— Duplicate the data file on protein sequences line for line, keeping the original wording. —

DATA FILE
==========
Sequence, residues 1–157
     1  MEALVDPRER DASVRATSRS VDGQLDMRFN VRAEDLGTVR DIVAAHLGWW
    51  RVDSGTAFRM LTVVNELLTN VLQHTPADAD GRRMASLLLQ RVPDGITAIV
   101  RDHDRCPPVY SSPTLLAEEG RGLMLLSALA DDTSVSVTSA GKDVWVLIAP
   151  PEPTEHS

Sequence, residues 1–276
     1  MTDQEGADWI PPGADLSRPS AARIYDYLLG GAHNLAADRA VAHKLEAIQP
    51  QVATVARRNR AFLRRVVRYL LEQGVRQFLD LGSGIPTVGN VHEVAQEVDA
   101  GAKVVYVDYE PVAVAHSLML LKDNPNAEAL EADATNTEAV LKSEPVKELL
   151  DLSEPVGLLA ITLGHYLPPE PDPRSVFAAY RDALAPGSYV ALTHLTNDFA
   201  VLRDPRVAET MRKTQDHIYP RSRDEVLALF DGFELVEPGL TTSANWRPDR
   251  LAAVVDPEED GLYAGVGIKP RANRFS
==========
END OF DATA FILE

Sequence, residues 1–157
     1  MEALVDPRER DASVRATSRS VDGQLDMRFN VRAEDLGTVR DIVAAHLGWW
    51  RVDSGTAFRM LTVVNELLTN VLQHTPADAD GRRMASLLLQ RVPDGITAIV
   101  RDHDRCPPVY SSPTLLAEEG RGLMLLSALA DDTSVSVTSA GKDVWVLIAP
   151  PEPTEHS

Sequence, residues 1–276
     1  MTDQEGADWI PPGADLSRPS AARIYDYLLG GAHNLAADRA VAHKLEAIQP
    51  QVATVARRNR AFLRRVVRYL LEQGVRQFLD LGSGIPTVGN VHEVAQEVDA
   101  GAKVVYVDYE PVAVAHSLML LKDNPNAEAL EADATNTEAV LKSEPVKELL
   151  DLSEPVGLLA ITLGHYLPPE PDPRSVFAAY RDALAPGSYV ALTHLTNDFA
   201  VLRDPRVAET MRKTQDHIYP RSRDEVLALF DGFELVEPGL TTSANWRPDR
   251  LAAVVDPEED GLYAGVGIKP RANRFS